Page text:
Summer has definitely arrived in the Lake District and the Matson Ground Estate is in full swing. The holiday cottages are full of guests enjoying this beautiful part of the world and life on the farm is as busy as ever.
We’ve had great weather and made lots of silage, a store of winter feed for our cattle and sheep, while our colleagues have been conducting surveys on grasses, flowers and moths.
Grasses and Flowers Surveys
As part of our Countryside Stewardship agreement, we regularly survey the grasses and flowers. This provides us with vital information about the health of the fields and wetland areas. The scheme helps us to look after and improve the environment by, amongst others, conserving and restoring wildlife habitats, increasing grassland biodiversity and preserving historical features on the landscape.
One plant which we have in our wetland areas is this pretty, yellow Bog Asphodel, Latin name Ossifragum. Did you know that Ossifragum literally translates as bone-breaker? This unassuming plant acquired this violent name because it was believed that the livestock that grazed on it developed brittle bones. But don’t worry, there’s no truth in it. It was actually the calcium-poor pastures that caused the problem.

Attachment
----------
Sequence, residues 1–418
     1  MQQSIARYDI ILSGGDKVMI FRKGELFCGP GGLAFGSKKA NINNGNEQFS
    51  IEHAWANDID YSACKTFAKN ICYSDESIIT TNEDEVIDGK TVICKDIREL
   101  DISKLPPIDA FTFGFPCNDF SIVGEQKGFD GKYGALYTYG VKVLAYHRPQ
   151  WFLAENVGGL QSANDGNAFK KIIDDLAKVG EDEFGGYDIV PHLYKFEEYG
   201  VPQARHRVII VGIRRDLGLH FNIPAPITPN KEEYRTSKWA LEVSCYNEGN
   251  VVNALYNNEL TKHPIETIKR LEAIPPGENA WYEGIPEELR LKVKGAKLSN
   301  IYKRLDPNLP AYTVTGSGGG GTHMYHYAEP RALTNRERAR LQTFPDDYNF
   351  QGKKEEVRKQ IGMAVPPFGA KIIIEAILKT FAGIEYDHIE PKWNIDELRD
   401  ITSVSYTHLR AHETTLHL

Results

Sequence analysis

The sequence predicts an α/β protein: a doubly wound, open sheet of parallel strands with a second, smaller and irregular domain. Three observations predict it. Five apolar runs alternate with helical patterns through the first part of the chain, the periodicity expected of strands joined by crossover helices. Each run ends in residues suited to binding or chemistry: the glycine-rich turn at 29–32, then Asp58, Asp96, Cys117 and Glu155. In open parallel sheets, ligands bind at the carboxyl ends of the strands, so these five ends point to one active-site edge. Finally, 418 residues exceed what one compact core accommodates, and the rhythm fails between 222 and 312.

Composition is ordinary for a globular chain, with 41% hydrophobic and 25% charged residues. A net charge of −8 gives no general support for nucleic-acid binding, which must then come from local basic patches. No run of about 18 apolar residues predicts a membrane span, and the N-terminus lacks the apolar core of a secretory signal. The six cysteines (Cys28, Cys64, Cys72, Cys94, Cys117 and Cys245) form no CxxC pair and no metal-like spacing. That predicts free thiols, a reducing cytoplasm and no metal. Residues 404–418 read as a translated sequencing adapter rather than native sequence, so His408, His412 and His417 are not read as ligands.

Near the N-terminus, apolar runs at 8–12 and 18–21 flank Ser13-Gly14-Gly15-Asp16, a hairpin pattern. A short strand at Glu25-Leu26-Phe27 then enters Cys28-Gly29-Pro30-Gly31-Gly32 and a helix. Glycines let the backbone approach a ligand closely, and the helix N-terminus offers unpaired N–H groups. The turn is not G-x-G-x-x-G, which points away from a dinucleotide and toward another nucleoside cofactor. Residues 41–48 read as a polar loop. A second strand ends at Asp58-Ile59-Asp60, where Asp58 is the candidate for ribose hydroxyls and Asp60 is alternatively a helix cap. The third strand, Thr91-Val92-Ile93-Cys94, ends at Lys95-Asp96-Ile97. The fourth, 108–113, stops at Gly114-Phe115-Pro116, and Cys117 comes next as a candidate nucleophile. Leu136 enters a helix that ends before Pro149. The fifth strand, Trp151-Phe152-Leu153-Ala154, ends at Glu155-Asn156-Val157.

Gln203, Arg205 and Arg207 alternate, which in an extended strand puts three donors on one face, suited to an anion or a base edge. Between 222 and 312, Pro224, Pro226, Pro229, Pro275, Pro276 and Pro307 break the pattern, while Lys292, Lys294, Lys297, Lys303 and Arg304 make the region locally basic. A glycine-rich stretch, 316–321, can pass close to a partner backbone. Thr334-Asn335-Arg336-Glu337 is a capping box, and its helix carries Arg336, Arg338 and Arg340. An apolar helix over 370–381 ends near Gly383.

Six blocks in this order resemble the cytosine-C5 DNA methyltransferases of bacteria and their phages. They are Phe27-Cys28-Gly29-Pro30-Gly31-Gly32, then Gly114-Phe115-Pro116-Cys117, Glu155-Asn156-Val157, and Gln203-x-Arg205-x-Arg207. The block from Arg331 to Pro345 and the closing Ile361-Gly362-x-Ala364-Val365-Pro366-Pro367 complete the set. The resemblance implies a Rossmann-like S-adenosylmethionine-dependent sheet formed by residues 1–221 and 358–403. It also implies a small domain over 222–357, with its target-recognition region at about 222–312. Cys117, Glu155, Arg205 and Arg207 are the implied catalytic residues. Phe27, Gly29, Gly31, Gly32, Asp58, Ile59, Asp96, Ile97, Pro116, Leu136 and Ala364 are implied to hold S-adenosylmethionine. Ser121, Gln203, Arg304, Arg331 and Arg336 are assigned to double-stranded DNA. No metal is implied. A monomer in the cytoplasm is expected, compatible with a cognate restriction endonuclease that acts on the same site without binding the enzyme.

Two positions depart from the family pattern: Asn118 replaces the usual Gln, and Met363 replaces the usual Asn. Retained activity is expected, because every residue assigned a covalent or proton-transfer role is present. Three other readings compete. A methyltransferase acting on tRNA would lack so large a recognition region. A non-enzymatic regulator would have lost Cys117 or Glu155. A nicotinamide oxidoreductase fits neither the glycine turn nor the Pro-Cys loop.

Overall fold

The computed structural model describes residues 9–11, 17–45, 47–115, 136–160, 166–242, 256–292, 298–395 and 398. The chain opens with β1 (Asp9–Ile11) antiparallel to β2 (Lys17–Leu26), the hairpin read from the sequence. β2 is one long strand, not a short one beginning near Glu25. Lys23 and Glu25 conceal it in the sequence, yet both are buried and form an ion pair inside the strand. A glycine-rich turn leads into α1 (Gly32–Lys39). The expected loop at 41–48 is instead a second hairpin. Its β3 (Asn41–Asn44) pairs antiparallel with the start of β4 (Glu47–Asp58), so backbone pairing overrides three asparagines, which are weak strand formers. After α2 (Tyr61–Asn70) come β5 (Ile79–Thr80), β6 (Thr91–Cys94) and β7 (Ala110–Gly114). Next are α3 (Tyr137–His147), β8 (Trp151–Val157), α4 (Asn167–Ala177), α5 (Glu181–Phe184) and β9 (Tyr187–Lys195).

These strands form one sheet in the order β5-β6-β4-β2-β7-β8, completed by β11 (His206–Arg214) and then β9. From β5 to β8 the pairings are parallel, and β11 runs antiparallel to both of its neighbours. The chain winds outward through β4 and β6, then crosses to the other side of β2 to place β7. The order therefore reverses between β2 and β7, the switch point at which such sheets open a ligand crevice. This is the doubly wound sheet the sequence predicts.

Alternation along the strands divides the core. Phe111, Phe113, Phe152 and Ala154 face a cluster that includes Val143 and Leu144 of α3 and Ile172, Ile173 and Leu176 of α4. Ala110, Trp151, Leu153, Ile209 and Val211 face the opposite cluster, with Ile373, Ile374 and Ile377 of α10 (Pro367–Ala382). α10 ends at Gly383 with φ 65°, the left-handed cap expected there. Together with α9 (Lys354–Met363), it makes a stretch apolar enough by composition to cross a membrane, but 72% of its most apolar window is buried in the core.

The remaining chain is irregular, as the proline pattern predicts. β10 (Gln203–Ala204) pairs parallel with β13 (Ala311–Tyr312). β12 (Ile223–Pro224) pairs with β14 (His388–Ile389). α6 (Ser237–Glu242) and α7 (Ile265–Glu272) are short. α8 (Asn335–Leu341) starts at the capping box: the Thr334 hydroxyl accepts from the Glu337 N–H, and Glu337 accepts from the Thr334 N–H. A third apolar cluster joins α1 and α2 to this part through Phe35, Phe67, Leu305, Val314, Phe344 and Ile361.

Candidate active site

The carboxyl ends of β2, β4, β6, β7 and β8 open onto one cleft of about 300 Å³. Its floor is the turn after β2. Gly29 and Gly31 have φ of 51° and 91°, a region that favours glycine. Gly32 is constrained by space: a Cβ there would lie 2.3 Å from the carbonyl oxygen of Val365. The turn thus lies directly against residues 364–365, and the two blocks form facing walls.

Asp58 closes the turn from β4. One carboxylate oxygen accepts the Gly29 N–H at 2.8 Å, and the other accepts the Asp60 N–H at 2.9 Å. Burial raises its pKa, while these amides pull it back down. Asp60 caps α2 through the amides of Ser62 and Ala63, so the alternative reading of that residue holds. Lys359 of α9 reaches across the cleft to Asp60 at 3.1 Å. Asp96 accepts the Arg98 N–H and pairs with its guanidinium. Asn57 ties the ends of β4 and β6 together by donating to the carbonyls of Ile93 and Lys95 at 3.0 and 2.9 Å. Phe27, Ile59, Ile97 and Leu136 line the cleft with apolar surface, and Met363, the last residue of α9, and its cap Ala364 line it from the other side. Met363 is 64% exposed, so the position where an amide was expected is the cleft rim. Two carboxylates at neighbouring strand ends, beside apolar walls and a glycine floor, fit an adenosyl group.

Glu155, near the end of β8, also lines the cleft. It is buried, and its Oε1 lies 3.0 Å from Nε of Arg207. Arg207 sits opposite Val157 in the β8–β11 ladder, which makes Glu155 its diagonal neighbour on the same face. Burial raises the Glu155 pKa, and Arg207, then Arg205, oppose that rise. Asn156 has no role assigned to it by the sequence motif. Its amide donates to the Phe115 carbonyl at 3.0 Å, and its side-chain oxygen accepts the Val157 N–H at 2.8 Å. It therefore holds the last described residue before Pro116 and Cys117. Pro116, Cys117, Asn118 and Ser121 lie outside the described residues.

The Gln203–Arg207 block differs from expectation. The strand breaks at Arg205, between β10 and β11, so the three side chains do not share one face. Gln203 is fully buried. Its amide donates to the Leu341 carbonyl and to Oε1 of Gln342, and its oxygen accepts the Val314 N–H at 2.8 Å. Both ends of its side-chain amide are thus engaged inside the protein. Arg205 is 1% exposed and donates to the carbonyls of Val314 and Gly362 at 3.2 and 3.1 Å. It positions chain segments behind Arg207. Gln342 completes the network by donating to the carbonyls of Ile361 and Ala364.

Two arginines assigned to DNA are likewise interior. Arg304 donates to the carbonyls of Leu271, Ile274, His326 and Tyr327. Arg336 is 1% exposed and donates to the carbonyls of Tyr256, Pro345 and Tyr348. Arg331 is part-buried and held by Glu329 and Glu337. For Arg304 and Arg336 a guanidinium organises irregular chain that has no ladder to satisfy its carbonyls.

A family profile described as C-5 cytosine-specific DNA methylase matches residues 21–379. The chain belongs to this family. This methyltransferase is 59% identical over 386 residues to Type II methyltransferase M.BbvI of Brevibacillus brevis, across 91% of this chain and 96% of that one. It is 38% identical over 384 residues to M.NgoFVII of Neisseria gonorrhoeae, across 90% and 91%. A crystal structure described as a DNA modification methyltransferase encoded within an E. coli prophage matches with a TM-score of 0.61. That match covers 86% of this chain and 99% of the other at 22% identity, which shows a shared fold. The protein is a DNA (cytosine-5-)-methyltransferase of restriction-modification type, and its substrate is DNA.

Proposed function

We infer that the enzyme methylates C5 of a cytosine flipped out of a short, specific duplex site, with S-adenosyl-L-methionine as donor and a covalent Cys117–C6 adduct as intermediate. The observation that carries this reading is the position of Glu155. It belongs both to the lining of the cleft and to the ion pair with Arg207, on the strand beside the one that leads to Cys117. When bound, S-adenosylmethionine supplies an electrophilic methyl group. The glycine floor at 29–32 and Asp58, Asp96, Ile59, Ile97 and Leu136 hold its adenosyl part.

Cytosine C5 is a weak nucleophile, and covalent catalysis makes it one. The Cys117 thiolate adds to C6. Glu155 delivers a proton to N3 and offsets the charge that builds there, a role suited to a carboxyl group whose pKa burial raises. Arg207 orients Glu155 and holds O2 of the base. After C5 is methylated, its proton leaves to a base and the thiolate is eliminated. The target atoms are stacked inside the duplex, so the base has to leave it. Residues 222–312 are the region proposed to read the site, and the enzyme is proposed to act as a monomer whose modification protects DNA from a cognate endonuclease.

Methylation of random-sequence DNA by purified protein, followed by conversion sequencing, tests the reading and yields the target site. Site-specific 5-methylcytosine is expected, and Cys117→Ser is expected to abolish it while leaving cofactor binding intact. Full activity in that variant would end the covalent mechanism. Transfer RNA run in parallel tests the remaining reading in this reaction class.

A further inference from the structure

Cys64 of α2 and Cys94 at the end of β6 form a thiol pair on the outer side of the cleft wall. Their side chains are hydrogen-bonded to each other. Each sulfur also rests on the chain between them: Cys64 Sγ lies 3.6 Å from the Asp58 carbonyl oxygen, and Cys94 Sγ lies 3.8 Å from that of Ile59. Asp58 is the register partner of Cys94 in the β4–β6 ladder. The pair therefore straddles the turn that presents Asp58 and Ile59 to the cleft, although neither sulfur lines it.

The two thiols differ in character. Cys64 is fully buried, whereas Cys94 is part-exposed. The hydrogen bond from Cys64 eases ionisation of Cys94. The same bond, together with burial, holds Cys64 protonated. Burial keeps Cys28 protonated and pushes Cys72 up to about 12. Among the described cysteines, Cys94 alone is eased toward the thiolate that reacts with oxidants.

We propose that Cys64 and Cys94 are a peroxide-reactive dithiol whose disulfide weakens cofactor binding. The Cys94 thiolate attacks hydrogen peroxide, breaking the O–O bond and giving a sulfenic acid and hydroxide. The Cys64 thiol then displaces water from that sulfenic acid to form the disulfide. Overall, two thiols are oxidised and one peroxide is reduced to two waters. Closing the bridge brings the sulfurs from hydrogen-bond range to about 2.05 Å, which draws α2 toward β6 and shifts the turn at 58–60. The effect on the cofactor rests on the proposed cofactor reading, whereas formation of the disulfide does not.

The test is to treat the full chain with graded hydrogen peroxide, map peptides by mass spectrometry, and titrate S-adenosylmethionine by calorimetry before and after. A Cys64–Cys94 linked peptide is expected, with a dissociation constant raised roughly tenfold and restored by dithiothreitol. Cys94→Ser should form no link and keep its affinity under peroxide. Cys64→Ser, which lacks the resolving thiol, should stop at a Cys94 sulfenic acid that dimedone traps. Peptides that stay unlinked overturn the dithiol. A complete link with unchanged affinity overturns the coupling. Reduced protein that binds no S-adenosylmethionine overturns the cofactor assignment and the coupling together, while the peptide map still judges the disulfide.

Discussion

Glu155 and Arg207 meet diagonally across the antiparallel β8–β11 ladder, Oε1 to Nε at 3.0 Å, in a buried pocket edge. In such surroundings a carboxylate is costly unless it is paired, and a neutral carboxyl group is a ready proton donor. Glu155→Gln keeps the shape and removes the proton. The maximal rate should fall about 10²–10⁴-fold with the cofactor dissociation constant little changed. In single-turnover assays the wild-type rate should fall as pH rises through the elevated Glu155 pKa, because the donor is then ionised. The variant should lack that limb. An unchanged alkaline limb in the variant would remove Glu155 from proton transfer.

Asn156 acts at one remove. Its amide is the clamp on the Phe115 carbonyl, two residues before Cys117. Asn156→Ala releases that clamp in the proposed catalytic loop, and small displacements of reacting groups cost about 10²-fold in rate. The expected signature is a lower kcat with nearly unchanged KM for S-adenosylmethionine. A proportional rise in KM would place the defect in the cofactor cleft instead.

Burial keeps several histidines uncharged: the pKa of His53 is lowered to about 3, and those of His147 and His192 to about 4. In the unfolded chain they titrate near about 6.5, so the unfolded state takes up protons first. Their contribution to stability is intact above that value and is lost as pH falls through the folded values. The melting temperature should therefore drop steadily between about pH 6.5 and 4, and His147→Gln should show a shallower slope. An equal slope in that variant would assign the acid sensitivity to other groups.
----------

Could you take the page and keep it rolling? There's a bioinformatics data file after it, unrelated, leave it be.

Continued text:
Reedbeds and wetlands are important habitats for many species of moths throughout the British Isles. As July is a particularly good time for moth populations in these habitats, we were looking forward to the survey results. And with the weather on our side we were not disappointed!
Our surveyors trapped the moths in a lightbox overnight, catching 515 moths in total, spanning 100 different species. The best moth find of the night was the round-winged muslin, which was only the third recording for South Cumbria since 2000. However, the prettiest moth of the night was this lovely Elephant Hawk Moth.
We were thrilled with the findings. Moths are a fascinating yet often overlooked group of insects and an important part of the UK’s biodiversity, as they pollinate plants and provide food for birds, bats and other wildlife. However, since the late 1960s total moth numbers have declined by around a third. We hope our wetland projects, and many others nationally, will help the recovery of moth numbers.